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S. August Abbott, CAS
S. August Abbott, CAS, Certified Avian Specialist
Category: Bird
Satisfied Customers: 10588
Experience:  Work w/Avian Vet; published bird care nutrition& behavior articles; consults, research
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11 week old Derbyian parrot. Looked to have injured wing

Customer Question

11 week old Derbyian parrot. Looked to have injured wing yesterday. Today he’s unstable. Can’t fly, can’t walk. Can’t negotiate perches. Falls on his back and cant right himself. Fell head first into water bowl and couldn’t get out nearly drowning. Breathes with mouth open.
JA: I'll do all I can to help. Have you seen a vet yet about the wing fall?
Customer: no as my brother breeds parrots and he advised to remove perches and keep in cage to allow him to rest
JA: Did he bleed at all from the fall?
Customer: no. He flew into a window
JA: And what's the parrot's name and age?
Customer: hes called Bubba Flint. He’s 11 weeks old. Hand reared from birth
JA: Is there anything else the Vet should know about Bubba?
Customer: no I think I’ve mentioned everything. Oh he quite lethargic tonight
Submitted: 10 days ago.
Category: Bird
Expert:  Virtual-mod replied 9 days ago.

I've been working hard to find a Professional to assist you with your question, but sometimes finding the right Professional can take a little longer than expected.

I wonder whether you're ok with continuing to wait for an answer. If you are, please let me know and I will continue my search. If not, feel free to let me know and I will cancel this question for you.

Thank you!
Expert:  S. August Abbott, CAS replied 9 days ago.

I'm August Abbott Cert.Avian Specialist; owner of BrokenBirdsOrg sanctuary. Let's work together on this.  Please note that we experts are not site employees, and as such, we are not aware of when you posted your question and if there has been a delay, I’m truly sorry.  This is the first I’ve seen this.

Expert:  S. August Abbott, CAS replied 9 days ago.

Your brother's information about keeping your Derby protected by removing perches is spot on.  Once you saw the inability to stand or balance consistently - that's when this became something only someone with years of university needs to engaged.  And not "Google University" (oh so dangerous when people think they can become doctors this way)

Your baby may have injured his spine or have bleeding internally or any number of other things that are important to diagnose in order to treat.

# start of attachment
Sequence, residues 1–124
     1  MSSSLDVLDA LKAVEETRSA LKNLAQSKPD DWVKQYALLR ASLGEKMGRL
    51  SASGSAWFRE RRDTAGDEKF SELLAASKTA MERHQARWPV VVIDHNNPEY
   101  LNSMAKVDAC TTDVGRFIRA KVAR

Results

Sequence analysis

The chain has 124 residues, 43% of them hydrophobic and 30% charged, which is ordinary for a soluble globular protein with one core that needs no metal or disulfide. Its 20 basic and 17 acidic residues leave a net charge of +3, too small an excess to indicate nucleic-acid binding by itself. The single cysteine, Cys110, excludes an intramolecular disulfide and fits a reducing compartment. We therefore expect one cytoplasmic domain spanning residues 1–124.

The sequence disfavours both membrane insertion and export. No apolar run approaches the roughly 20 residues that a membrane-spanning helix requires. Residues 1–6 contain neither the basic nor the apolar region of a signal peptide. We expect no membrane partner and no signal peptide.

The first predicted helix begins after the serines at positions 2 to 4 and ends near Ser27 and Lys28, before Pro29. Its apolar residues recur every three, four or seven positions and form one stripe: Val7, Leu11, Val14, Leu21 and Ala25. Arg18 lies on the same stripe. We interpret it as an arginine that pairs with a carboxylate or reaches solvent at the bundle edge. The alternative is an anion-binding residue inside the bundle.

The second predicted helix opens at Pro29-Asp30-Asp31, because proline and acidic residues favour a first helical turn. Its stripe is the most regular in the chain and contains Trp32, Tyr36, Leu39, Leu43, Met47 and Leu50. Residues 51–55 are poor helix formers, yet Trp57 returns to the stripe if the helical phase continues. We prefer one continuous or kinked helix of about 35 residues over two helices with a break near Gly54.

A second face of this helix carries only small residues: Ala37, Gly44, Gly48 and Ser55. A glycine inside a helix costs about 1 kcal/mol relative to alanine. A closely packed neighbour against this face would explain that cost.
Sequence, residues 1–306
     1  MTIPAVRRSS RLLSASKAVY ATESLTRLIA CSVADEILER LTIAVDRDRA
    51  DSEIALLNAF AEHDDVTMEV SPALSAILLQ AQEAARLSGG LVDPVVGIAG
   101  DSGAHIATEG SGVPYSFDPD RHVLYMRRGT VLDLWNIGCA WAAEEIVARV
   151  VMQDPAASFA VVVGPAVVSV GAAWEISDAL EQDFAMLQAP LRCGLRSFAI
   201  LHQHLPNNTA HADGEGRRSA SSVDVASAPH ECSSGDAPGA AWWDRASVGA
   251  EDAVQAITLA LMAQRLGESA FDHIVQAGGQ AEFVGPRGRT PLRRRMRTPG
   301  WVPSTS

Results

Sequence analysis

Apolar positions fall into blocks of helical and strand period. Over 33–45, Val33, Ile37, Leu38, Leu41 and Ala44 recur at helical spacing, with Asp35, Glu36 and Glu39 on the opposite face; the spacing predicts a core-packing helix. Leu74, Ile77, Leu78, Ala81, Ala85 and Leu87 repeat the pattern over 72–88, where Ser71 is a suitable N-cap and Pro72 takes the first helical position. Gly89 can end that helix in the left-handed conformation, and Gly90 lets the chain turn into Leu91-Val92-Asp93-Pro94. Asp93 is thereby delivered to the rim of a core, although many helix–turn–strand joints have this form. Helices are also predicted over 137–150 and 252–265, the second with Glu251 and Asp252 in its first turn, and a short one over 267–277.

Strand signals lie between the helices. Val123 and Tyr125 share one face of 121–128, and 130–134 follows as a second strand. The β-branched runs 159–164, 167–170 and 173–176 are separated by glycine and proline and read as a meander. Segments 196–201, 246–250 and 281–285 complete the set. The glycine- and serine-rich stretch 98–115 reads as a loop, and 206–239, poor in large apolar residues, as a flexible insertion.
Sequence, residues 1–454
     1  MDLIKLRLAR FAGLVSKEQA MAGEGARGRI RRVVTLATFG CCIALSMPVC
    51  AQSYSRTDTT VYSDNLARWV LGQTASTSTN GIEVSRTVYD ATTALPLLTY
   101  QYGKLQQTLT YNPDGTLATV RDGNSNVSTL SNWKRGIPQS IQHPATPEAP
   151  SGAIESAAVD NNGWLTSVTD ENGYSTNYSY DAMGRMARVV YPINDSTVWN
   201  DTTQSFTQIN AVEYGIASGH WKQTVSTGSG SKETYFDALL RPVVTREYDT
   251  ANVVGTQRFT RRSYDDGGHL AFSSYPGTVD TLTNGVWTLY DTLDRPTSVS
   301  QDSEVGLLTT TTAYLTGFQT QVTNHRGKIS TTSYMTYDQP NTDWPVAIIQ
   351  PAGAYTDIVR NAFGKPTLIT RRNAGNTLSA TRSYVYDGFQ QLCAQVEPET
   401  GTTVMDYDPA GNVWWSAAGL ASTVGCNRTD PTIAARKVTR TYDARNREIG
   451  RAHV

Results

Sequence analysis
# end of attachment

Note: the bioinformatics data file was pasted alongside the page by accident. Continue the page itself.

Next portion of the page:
Until you get to the vet, let's modify your brother's suggestion and make your baby a brooder box

For a makeshift brooder,  use a small box lined with soft clothes like tee shirts.

Use a thick, clean sock and fill it ¾ with plain, raw white rice. Knot the end and microwave it for about 1 ½ minutes.  Shake it afterwards to distribute the heat and be sure it's not too hot.  Tuck this in just under the cloths.

A heating pad under the box is also helpful, set on low.   This is one of the few times I’d ever use both heat sources if necessary to maintain incubation temp (90-105 degrees).

If ever using an electric source for heating anything in anyway, please be vigilant and constantly double checking carefully.

Gently drape a light cover over this box to further help hold heat in and keep light low.


You may offer a few drops of sugar water to the side of their beak with your finger or by eye dropper; or a dab of corn syrup, maple syrup or bit of natural jam/jelly to help with blood sugar levels.
I wouldn’t force fluids or food though until a professional has agreed it’s required and shown you how.  The last thing we need is aspiration pneumonia.
A bird may show their weakness, illness and lack of energy one moment, even for a few hours or days - and then “suddenly” seem to be fine.  This is their getting a second wind.  Finding the strength to ‘mask’ the illness or problem.   And since this masking can continue for a while, the underlying issue is only getting worse.  The next time you see the bird acting ‘off’, it might be really, really bad.
If your bird is acting ‘off’, no matter what – no matter when, they need to be seen by their vet.  Infections and disease are far more successfully and inexpensively treated when tackled early.  Unlike mammals, avians don’t fare well with a “watch and wait” protocol.
Though specialized avian vets are ideal, any vet who sees a majority of birds or at least 1/3 of their practice consisting of birds is a good choice.
If you have a Pet Smart, you have Banfield Clinic inside, open 7 days a week and they see birds.
If you have a Pet Co, they have a list of vet names that they use for themselves and are happy to give you, ask for 'bird vets'.
Ask any vet in town who they'd recommend for bird care.   Ask any good breeder in town who they use (if they don't use anyone, they are not a good breeder, stay away from them).

Good luck & move swiftly